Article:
They’re all leafed out, coloring our world in shades of green. Trees were the theme of the April Picks, and Newsbee is happy to share three reviews with you.

Can you guess which tree has the most bark? Missouri’s state tree, the Dogwood, of course. Now get to “Paging On!” It’s summertime.

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“Stuck,” by Oliver Jeffers.

Reviewed by Mrs. Bade and Mrs. Holdmeyer’s Kindergarten Class, Immaculate Conception School.

IC students enjoyed “Stuck”—Kayden Parmentier thought the book was going to be about things that get stuck, and Emmett Bellow thought the book might be about “the boy’s name.”

Fallyn Blankenship liked Floyd “because he gets things stuck in the tree”; Ella Czeschin appreciated “the firemen that come because they always save the world.”

The part of the book that Sophia Helling liked best was when “Floyd threw the whale in the tree! Whales are supposed to be in the water!” she said.

“Stuck” reminded one student of something: “Last winter my brother Brandon and I were playing outside with our dad. Brandon threw his basketball into the hoop and it got stuck because the net was frozen!”

Reviewed by Mrs. Burke’s Second Grade Class, St. John the Baptist Gildehaus.

“When we read the title, we thought this book would be about a boy who climbed a tree and got stuck, or it would be about a boy who tried to tape leaves back on a tree.

“The story was about a kid who was playing with his kite and it got stuck. He tried to get it down, but he got other things stuck. The things he used to get the kite unstuck got stuck too.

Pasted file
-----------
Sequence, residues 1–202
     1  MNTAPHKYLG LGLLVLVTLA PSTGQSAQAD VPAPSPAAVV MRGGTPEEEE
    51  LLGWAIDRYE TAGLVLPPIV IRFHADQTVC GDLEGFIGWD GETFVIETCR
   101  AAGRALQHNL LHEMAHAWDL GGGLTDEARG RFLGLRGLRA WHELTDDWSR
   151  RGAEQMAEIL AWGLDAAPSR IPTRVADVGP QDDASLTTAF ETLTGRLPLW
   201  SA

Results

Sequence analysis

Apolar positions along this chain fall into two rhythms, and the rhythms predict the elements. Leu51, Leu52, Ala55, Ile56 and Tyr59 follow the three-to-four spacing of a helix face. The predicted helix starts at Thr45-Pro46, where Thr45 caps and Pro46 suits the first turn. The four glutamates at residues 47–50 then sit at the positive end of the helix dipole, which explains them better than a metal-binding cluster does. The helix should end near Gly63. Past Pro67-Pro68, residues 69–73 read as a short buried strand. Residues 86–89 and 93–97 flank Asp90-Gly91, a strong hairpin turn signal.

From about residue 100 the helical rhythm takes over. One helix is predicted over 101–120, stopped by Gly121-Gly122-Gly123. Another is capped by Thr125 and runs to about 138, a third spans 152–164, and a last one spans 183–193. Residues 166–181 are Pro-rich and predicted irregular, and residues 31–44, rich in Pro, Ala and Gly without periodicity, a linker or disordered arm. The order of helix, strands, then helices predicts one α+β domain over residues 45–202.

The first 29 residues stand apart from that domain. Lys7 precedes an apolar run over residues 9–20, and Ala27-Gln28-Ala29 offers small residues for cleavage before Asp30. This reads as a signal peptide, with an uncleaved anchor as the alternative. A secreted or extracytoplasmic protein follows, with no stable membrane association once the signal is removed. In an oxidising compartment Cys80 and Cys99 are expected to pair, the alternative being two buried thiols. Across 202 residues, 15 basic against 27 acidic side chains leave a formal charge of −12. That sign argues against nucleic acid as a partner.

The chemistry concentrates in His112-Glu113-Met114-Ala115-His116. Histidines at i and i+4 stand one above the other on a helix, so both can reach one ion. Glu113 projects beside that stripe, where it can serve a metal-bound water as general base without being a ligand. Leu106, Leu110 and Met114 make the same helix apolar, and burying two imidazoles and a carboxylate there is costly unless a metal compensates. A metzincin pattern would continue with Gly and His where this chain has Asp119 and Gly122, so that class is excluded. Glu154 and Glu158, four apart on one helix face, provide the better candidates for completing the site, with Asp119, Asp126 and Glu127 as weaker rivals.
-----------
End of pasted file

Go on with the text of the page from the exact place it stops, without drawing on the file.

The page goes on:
“We liked the book because we like to get stuff stuck in trees. We liked that he threw many funny things into the tree. We are like the boy because we throw things in trees. We would recommend this book to our siblings because they would think it is funny.”

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“House Held Up By Trees,” by Ted Kooser.

Reviewed by Katherine Bolte, Kindergarten, Beaufort Elementary School.

“I liked this book because it’s about a house held up by trees. Someday my dad is probably going to build me a tree house.

“There was a young girl and boy, and they climbed around in the trees. Their father worked hard on the lawn—he cut down some little trees before they were grown. The little trees had leaves on them. Then the girl and boy grew up, and their father grew old. He left a for-sale sign in the yard, and he went to an apartment by his daughter and son.

“The trees started to grow around and the house lifted up as the trees grew taller. At the end of the book, the house was at the top of the trees.

“I liked the pictures in this book because they look like someone painted them. I would tell my friends to read this book because they might like it.”

Reviewed by Sage Sparkman, Third Grade, Central Elementary School.

“Once there was a man with a son and a daughter. The kids often listened for animals or watched their dad pull tree sprouts from the ground. Soon the kids will be older and be gone forever. And then they were gone. The old man kept working and pulling until one day he decided to move away. The tree sprouts grew in the yard. The sale sign broke, but he fixed it. No one ever bought the house. The trees grew big and lifted the house. You could see under it.

“My favorite part is when the trees lift the house off the ground. People should read this book because it is good and it made me wonder what’s out there? It might make you wonder too.”

Reviewed by Sarah Harris, Third Grade, Beaufort Elementary School.

“This story is mostly about a man who tries to keep the trees out of his yard. Then his kids move out of the house so the old man tries to sell his house. He never sold the house, but the trees that he tried so hard to keep out grew taller and lifted the house off its foundation.